Homeland Security Secretary Kirstjen Nielsen says that the United States will take “extraordinary” protective measures when it comes to immigrant children in custody, after a second Guatemalan child died in custody.
Neilsen will travel later this week to the US-Mexico border to observe medical screenings and conditions at Border Patrol stations, according to AFP.
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“In response to the unprecedented surge of children into our custody, I have directed a series of extraordinary protective measures,” she said, following the “deeply concerning and heartbreaking” death of eight-year-old Felipe Gomez, who collapsed after running a high fever while traveling with his father Agustin Gomez from the Western Guatemalan indigenous Chuj Maya community near the Mexican border.
Gomez was detained with his 47-year-old father at a crossing in El Paso, Texas, on December 18 and had been transferred to a New Mexico medical center showing signs of sickness on Monday, the CBP said.
Staff diagnosed him with a cold but later discovered a fever. He was discharged at midday, with prescriptions for ibuprofen and the antibiotic amoxicillin.
The boy was later sent back to the hospital suffering from nausea and vomiting. He died shortly before midnight on December 24. –AFP
Guatemala has called for an investigation into the boy’s death, the cause of which has not been determined. Customs and Border Patrol (CBP) says that they would “ensure an independent and thorough review of the circumstances.”
The first death of a migrant child happened on December 8, when seven-year-old Jakelin Caal Maquin became sick on a bus traveling from a New Mexico port of entry to Lordsburg, New Mexico. Her father said he has “no complaints about how Border Patrol agents treated him and his daughter,”adding in a statement through his attorneys that he was “grateful for the many first responders that tried to save young Jakelin’s life in New Mexico and Texas.”
Nielsen has asked experts from the Centers for Disease Control and Prevention to investigate “the uptick in sick children crossing our borders” and to identify what further steps border hospitals should take in preparation, her statement said.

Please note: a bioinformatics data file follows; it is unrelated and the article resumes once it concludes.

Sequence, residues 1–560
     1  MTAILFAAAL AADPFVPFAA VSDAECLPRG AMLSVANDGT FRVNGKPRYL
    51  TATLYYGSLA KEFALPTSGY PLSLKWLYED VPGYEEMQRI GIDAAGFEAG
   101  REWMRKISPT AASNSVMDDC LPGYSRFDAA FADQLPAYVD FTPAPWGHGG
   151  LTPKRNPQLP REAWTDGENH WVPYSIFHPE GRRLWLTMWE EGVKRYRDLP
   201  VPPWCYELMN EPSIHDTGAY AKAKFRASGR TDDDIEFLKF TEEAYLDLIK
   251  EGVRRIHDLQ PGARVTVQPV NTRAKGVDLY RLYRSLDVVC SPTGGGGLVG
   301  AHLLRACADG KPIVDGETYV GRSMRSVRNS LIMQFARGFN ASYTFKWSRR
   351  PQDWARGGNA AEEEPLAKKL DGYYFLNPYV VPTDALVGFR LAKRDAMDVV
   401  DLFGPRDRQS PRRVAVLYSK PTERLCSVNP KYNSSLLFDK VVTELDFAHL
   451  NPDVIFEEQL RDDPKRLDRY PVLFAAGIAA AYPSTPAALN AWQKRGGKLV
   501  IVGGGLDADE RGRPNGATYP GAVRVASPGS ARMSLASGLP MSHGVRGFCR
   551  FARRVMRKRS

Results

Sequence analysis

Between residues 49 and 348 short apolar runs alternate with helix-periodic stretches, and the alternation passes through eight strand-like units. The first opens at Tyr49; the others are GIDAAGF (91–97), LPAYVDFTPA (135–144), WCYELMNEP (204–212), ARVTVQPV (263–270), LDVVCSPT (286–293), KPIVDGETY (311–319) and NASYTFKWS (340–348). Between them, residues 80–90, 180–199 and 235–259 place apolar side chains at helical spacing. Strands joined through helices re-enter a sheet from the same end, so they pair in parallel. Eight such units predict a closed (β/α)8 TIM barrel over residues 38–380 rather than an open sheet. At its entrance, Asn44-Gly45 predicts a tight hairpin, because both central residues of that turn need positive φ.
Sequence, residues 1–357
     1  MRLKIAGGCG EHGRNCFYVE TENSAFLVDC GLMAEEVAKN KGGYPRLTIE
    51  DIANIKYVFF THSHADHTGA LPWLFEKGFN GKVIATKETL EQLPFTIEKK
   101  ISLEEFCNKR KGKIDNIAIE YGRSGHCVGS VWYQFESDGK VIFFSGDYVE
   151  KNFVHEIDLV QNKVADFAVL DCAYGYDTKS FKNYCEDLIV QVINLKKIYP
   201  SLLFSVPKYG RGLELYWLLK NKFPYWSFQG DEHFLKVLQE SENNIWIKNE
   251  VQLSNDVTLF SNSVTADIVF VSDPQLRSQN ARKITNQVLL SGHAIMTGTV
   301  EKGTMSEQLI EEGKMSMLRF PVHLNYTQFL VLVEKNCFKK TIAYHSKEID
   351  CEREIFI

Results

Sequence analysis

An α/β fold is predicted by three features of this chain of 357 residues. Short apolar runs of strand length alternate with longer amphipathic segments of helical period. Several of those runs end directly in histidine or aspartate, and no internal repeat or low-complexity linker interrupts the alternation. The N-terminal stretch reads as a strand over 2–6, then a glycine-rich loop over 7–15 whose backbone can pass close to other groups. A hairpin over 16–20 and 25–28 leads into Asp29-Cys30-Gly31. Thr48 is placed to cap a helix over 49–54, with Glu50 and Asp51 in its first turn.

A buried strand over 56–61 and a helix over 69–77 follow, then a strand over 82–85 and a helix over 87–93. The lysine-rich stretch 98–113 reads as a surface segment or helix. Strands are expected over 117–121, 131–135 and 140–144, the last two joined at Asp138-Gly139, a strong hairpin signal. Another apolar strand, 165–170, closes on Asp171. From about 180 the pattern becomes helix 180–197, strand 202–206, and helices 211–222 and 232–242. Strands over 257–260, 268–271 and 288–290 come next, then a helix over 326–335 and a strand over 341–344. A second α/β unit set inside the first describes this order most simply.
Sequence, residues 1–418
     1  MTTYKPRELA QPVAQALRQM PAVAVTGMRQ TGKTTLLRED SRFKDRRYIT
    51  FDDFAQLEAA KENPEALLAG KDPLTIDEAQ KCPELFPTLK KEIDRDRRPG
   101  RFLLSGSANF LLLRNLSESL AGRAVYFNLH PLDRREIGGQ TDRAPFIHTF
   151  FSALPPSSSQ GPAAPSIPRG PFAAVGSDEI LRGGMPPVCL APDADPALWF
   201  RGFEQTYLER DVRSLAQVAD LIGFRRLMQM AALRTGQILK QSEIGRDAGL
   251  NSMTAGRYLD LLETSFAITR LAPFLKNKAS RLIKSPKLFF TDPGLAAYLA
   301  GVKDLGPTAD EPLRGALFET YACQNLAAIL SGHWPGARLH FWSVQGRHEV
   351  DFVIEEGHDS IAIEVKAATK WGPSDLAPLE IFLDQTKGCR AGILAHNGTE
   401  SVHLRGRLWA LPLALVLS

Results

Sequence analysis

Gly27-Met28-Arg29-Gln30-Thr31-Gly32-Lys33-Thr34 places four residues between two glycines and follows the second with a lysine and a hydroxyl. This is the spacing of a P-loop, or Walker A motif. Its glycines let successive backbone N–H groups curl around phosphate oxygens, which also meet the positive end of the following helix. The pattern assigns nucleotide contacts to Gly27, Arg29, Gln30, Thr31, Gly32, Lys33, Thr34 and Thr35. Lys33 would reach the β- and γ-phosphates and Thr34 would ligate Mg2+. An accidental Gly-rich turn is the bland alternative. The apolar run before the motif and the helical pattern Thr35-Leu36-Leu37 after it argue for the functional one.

Nielsen added that she has asked the US Coast Guard medical corps to assess and “make appropriate recommendations” about Border Patrol medical programs, and has sought additional medical professionals from the Department of Defense. –AFP
The United States is unable to cope with the thousands of migrant arrivals, US Customs and Border Protection Commissioner Kevin McAleenan said on Wednesday. “We need help from Congress. We need to budget for medical care and mental health care for children in our facilities,” he told CBS News.
In the last two months, the Border Patrol has apprehended 139,817 people on the southwest US border, compared with 74,946 over the same period a year earlier, said Nielsen. Over 68,500 were “family units,” and approximately 14,000 others were unaccompanied minors, she said, adding that the system has been pushed to a “breaking point.”
Guatemalan migrant Augusto Mendoza, who brought his one-year-old son on the journey to El Paso, told AFP that he would “never” consider making the journey again.
“It’s been very, very hard. I would never think about doing it again, I regret it for my son,” said Mendoza – whose wife and children were separated from him at the border and released from detention on Christmas day.
DHS officials say that all children in border patrol custody will now be given comprehensive medical examinations, backing McAleenan’s commitment to “secondary medical checks,” with an emphasis on those under 10-years-old.
“It is now clear that migrants, particularly children, are increasingly facing medical challenges and harboring illness caused by their long and dangerous journey,” said Nielsen.